After starting the tournament with 50% – 2.5/5 – two of them being losses in a row, it was a question in everyone’s mind whether Carlsen would recover successfully. He did, and in what way. With a brilliant second half scoring 4.0/5 Carlsen takes Shamkir and crowns himself with a full point lead over Caruana, who kept his second place despite today’s loss. Does Magnus do it on purpose?
a very determined magnus at work
The last round’s results:
Mamedyarov drew his last game against Karjakin;
Karjakin kept being very faithful to his double fianchetto variation against the English played by shakhriyar. This seemed to give him no problems today as Mamedyarov’s initiative was easily neutralized. A few fireworks were seen on the board, but they simply ended in a perpetual check.
Nakamura drew his last game against Radjabov;
Of course nowadays it is impossible to escape having a few Berlins in the tournament. The last one of the event was between Nakamura and Radjabov, a little disappointing because they are such creative and fighting players. Neither side did anything productive for 50 moves, and according to the 50-move rule the game is a draw if neither side has captured any piece or pushed a pawn in 50 moves. Not the most exciting game, Black literally shuffle his h-rook back and forth for the majority of that time.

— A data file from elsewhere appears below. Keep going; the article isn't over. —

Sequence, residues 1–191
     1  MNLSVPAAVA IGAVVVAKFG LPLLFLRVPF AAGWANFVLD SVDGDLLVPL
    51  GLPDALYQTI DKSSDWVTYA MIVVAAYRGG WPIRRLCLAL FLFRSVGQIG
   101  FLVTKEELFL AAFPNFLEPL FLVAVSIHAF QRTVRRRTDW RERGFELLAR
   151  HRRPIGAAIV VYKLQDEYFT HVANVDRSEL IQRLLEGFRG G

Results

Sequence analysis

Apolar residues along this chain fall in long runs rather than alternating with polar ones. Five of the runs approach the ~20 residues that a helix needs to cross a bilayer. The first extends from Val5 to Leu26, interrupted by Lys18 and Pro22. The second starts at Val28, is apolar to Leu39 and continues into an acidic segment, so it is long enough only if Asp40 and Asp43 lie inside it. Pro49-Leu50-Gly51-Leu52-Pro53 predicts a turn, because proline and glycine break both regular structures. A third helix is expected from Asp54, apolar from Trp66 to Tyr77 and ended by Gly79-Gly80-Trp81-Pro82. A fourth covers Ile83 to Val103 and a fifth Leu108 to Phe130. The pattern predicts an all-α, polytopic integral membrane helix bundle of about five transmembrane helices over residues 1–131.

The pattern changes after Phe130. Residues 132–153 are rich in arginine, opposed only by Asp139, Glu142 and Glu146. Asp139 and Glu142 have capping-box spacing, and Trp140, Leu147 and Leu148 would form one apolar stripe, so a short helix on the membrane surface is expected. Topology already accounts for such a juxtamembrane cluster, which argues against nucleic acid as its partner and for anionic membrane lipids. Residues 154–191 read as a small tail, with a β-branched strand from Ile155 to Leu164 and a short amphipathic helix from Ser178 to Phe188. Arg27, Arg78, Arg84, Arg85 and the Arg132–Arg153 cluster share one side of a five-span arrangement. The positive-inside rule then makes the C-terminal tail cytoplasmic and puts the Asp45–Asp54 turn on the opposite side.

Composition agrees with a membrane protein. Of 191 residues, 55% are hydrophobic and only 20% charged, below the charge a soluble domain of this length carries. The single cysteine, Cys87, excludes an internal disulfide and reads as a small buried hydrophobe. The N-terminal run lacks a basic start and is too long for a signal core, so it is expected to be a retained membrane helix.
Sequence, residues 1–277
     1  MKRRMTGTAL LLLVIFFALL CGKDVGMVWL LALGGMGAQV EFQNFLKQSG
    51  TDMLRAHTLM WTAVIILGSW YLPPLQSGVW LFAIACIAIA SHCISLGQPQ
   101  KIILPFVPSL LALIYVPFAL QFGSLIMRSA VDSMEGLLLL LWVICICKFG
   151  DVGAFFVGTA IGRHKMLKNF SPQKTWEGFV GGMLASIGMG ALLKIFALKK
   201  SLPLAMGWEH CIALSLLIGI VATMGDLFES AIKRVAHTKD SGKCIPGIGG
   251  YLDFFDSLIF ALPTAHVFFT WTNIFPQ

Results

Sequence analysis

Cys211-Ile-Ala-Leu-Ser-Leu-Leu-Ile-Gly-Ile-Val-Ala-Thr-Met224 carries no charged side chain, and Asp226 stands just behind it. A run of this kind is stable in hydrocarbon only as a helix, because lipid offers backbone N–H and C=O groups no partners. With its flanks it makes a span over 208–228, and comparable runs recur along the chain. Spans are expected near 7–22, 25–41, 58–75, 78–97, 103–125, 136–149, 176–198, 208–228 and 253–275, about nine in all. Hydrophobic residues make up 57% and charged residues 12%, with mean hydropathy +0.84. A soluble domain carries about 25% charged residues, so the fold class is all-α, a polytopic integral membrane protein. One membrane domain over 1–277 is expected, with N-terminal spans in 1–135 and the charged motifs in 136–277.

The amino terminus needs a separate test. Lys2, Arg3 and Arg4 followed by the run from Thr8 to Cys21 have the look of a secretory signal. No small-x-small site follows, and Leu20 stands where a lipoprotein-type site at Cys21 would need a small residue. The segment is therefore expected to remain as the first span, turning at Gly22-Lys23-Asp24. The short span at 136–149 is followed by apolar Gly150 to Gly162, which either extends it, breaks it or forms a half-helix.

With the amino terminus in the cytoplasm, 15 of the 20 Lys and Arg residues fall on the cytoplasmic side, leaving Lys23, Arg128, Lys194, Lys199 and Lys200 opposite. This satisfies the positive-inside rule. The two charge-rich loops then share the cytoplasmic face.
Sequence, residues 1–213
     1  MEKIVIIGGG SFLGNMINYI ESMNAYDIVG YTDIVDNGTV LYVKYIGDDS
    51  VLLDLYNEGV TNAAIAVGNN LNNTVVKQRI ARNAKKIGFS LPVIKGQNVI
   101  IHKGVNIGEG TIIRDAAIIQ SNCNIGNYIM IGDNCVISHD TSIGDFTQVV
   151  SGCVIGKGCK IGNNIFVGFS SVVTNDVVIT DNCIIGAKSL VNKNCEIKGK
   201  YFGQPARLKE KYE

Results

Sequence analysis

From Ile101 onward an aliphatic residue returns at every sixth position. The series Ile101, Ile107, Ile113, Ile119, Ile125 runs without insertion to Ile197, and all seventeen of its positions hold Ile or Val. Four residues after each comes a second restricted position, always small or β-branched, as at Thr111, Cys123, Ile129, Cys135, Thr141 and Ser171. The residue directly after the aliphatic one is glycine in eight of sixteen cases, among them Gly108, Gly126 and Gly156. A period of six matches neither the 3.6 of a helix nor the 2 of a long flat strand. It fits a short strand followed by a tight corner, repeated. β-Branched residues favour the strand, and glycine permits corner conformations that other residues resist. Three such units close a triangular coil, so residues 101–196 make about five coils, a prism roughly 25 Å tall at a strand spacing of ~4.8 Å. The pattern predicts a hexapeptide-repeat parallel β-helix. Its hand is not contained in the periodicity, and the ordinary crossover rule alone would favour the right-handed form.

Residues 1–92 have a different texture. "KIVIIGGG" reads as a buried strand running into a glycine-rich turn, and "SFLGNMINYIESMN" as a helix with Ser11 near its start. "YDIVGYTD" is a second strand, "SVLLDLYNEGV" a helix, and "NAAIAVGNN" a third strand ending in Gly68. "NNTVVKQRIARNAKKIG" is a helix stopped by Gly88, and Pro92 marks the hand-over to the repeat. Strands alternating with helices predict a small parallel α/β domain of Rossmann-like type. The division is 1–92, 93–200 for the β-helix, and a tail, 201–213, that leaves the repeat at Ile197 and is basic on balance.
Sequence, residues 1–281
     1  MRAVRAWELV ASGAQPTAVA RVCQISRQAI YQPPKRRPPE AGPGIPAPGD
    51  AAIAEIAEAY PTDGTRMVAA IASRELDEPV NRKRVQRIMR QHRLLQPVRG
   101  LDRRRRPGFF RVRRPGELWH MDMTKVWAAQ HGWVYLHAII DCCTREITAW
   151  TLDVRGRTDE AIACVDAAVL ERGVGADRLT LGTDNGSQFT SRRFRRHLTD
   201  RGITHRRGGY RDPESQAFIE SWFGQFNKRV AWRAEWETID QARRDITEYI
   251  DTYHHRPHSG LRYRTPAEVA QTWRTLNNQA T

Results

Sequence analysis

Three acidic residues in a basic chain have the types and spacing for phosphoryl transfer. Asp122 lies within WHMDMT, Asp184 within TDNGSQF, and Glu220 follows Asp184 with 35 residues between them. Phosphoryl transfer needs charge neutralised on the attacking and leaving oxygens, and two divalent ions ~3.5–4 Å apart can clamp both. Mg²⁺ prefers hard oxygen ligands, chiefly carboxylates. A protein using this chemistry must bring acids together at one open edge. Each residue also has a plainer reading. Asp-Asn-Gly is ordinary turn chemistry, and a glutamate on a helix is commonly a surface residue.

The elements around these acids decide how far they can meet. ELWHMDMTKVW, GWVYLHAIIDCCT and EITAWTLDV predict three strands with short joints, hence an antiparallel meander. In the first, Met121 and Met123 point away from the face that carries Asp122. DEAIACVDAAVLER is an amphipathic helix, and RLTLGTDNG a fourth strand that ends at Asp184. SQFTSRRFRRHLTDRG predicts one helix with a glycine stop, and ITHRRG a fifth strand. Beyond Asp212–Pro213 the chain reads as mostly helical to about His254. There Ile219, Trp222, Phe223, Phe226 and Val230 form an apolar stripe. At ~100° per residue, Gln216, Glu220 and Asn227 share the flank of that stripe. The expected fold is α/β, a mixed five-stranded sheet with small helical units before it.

the big clash of the last round was of course the revenge game between Carlsen, Magnus and Caruana, Fabiano
Of course everyone’s eyes were on this game today. Carlsen came in with an unorthodox opening, Caruana sacrificed a pawn and magnus started his engine like play to convert a passive position a pawn up to a full point.
This is not the first time Magnus has started badly a tournament (see e.g. London 2010, Wijk aan Zee 2011), but come from behind to win it in the end. Some chess specialists are starting to stipulate with a new theory that says: “Magnus is so strong that he is simply bored. So he has come up with a new strategy to make things more interesting for himself: play like an idiot in the first few games, move to the bottom of the table, and then try to win the tournament anyway.
this theory seems to be almost true regarding some tournaments played by the mozart where his majesty Magnus was making things unnecessarily hard for himself out of pure boredom, but this makes things even more exciting for us chess fans because when he starts his come back he plays a quasi perfect and delightful chess to all of us…
Whatever the case was Carlsen proved that he can play some very weak chess, as he did against Caruana and Radjabov, and then play some unbelievably precise chess as he did today. He is not untouchable, by any means, Carlsen losing isn’t a spectacular surprise, but his ability to win games is out of this world. Carlsen won more games in this tournament alone than Nakamura, Karjakin, Radjabov and Mamedyarov combined!
The final standings of the Gashimov memorial tournament